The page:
US Military Members and Families Are Deprived of Food But the Military Hunger Prevention Act Wants Change
Mar 07, 2017 08:43 AM EST
Bipartisan proposals aimed at improving the lives of low-income American citizens have been on the rise, with suggestions for a Presidential Poverty Summit and the extension of legal aid through the Legal Aid Interagency Roundtable. US military members and their families will be given the chance to be cared for using these relief opportunities.
According to Above the Law, one od the bills reported is the Military Hunger Prevention Act that was put forward into Congress by a bipartisan group in the House of Representatives. This would make food support available for a group of needy Americans, particularly the US military members, to ensure they rise above the hunger and poverty that is being experienced at the moment.
According to the law news site, a surprisingly large number of armed forces members are in need of aid in accessing healthy and nutritious food not only for themselves, but for their families as well. Among these tens of thousands of US military members, it remains unknown as to how many are not accepted into the Supplemental Nutrition Assistance Program (SNAP).
While US military members suffer physical and emotional pain as the short-term effects of hunger, they have also experienced its long-term impact in such a way that their children are suffering in their homes that are deprived of food. With these young individuals’ intellectual development being delayed, their learning suffers and the overall health experiences a decline.
Yet, an oddity in the current law prevents numerous active members of the US military from being qualified for SNAP benefits despite their eligibility, San Diego Tribune reported. The Military Hunger Prevention Act aims to turn this quirk around. Such act will disregard a military housing allowance’s value from assets, such as income, used in determining SNAP eligibility.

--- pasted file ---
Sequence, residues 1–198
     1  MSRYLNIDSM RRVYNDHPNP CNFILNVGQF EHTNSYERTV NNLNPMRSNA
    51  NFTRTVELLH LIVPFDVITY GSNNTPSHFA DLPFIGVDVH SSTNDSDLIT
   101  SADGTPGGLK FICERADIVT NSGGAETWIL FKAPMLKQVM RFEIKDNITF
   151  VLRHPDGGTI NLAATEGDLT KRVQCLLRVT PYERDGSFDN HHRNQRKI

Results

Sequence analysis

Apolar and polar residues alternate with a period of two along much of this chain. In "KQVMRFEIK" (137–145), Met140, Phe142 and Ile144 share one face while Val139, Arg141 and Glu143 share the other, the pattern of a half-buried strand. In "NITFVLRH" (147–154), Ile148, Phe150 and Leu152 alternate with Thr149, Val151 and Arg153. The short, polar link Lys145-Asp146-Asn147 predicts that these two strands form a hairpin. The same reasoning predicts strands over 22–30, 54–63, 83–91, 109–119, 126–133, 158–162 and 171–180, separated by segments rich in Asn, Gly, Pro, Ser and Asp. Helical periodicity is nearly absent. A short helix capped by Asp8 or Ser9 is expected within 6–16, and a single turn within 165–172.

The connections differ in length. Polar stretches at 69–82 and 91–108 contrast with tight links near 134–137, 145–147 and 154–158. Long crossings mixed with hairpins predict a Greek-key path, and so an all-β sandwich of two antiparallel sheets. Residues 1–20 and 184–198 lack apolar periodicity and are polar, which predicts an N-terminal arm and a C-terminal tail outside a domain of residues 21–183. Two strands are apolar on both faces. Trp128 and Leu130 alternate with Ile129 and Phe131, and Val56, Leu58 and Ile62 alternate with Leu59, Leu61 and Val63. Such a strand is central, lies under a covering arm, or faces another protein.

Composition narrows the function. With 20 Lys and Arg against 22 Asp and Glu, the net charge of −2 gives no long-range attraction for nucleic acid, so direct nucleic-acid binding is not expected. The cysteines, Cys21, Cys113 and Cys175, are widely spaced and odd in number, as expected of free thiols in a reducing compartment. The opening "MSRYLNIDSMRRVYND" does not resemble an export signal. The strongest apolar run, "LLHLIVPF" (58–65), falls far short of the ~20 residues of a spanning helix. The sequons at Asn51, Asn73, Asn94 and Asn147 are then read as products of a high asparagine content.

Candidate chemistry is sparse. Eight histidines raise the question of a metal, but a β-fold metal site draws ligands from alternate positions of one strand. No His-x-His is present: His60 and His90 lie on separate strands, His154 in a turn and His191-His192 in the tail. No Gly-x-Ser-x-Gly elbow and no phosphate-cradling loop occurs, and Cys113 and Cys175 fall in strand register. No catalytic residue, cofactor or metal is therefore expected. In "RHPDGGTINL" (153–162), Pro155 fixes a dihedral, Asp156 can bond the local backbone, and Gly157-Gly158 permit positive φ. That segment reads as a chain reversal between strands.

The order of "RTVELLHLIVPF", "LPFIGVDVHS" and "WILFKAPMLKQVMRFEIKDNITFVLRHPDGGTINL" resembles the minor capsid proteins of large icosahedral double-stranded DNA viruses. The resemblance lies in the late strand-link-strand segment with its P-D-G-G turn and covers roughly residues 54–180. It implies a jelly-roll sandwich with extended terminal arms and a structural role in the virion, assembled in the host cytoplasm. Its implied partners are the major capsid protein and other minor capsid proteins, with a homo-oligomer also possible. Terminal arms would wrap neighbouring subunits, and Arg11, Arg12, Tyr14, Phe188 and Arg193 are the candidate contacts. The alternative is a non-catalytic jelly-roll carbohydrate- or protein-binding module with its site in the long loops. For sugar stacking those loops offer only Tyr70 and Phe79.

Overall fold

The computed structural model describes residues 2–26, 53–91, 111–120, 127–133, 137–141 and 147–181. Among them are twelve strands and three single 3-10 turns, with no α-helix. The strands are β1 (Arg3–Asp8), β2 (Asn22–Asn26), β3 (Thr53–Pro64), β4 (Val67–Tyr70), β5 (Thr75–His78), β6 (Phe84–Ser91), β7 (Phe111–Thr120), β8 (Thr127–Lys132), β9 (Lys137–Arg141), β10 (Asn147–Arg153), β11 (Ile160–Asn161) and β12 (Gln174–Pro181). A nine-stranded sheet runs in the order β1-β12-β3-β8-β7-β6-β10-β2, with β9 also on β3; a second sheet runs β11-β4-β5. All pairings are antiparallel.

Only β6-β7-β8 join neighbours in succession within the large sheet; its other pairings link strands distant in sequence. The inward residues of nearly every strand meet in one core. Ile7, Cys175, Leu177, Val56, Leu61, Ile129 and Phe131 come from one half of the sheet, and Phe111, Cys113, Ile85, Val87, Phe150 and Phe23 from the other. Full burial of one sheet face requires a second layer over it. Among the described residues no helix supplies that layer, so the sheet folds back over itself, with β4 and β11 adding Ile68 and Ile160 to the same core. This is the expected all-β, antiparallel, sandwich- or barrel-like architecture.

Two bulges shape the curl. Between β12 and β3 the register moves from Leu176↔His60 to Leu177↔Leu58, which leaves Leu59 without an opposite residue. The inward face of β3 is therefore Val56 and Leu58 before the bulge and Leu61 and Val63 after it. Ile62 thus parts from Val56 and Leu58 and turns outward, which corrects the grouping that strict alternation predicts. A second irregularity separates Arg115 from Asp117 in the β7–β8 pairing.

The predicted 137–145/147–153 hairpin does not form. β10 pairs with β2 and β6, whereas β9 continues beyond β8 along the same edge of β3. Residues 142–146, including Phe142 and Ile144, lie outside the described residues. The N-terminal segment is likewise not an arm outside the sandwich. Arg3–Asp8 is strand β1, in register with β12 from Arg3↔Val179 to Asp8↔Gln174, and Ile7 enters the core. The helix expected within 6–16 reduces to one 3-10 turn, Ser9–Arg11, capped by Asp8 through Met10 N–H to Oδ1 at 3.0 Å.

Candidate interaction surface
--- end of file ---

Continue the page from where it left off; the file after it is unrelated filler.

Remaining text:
SNAP’s main purpose is to reduce food insecurity among households and has been found to have put over two million Americans out of severe poverty annually, while helping tens of millions avoid hunger. However, US military members and their families receiving basic house allowance are often overlooked.
A San Diego Congress member, Susan Davis, spoke of the hunger prevention act for US military members.
“Those who make great personal sacrifices in service to our country should not have to struggle to provide regular, nutritious meals to their families,” said Davis, an original sponsor of the act. She explained that such barrier “prevents military families struggling with food insecurity from getting help from available federal nutrition assistance programs.”
In response, anti-hunger organizations in the country are supporting the Military Hunger Prevention Act. This bill seeks to exclude all basic allowance funds received by US military members and their families from eligibility assessment, as a way to demonstrate a national commitment to those who have served the country.